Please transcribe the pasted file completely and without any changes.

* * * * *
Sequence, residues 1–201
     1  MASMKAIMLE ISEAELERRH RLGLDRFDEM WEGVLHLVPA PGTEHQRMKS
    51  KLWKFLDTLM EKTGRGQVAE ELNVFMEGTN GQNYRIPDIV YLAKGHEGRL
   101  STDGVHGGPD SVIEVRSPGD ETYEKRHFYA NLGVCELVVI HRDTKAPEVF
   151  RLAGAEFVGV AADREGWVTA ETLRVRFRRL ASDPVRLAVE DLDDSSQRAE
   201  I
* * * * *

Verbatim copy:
Sequence, residues 1–201
     1  MASMKAIMLE ISEAELERRH RLGLDRFDEM WEGVLHLVPA PGTEHQRMKS
    51  KLWKFLDTLM EKTGRGQVAE ELNVFMEGTN GQNYRIPDIV YLAKGHEGRL
   101  STDGVHGGPD SVIEVRSPGD ETYEKRHFYA NLGVCELVVI HRDTKAPEVF
   151  RLAGAEFVGV AADREGWVTA ETLRVRFRRL ASDPVRLAVE DLDDSSQRAE
   201  I